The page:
Q: Outside of patient care, what about your job interests you the most?
A: Quality and patient safety are of great interest for me. Our hospitalist group consists of about 25 hospitalists, but there are about 200 hospitalists within our health system. I participate in a steering committee within the larger system to improve medication reconciliation.
I also continue to be interested in leadership. Especially in the years to come, with all the upcoming changes in the delivery of care, performance measures, and modes of reimbursement, there will be an increased need for physician leaders.
Q: What is your biggest professional challenge?
A: It is a good sign that I have to think for a while to come up with an answer. It probably is taking care of patients with narcotic addictions or difficult personalities. Every given week there are probably one or two such patients on the service. It is challenging to do these patients justice and to provide the appropriate medical care.
Q: What is your biggest professional reward?
A: The respect of my physician colleagues, the nursing staff, and the gratitude of my patients and their families. One of my most moving experiences was when a former patient of mine walked over to my table in a Chinese restaurant and said: “Thank you for saving my life!”
Q: You were one of the first hospitalists designated Fellow in Hospital Medicine. What does that mean to you?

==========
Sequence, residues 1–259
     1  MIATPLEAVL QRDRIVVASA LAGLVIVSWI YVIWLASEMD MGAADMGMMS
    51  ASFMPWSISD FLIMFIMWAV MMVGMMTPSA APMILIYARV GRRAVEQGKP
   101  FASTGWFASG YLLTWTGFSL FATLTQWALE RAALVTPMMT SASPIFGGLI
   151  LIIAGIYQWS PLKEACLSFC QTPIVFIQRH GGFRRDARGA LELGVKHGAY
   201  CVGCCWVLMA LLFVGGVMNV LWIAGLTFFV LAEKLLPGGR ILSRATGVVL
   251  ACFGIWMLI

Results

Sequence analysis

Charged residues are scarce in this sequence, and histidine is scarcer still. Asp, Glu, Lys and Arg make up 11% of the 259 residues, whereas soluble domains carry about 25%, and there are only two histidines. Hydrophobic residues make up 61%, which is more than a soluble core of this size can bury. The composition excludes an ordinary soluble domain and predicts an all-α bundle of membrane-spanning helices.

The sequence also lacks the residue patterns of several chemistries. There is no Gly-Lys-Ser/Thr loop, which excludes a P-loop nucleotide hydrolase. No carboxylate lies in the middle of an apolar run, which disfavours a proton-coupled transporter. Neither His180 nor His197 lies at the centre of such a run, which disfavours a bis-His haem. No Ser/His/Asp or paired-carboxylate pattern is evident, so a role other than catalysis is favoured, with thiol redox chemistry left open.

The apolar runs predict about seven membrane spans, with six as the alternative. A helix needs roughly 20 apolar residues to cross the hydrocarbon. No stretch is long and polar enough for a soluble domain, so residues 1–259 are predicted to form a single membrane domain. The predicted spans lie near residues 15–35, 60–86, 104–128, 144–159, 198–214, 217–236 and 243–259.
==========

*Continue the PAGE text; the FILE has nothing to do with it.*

A: It gave me some formal recognition for the years of service I have put into HM, both in patient care and leadership, as well as for my level of experience.
Q: When you aren’t working, what is important to you?
A: The relationships with the people around me (marriage, family, friendship). In terms of what I do, it is traveling, exercising, reading, and being appreciative of the moment.
Q: Where do you see yourself in 10 years?
A: I want to continue to work as a hospitalist. I am looking into leadership opportunities. I can see shifting my focus more toward leadership or consulting roles again within the next 10 years.
Q: If you weren’t a doctor, what would you be doing right now?
A: I think I would be a lawyer. I know there is a perceived friction between these professions, but there are some common themes, such as providing expert advice or professional help in times of need.
Q: What’s the best book you’ve read recently?
A: The Angel’s Game by Carlos Ruiz Zafon. It is an incredibly captivating story, with a marvelous imagery of old Barcelona before the Spanish Civil War.
Q: How many Apple products do you interface with in a given week?
A: Two: iPhone and iPad.
Richard Quinn is a freelance writer in New Jersey.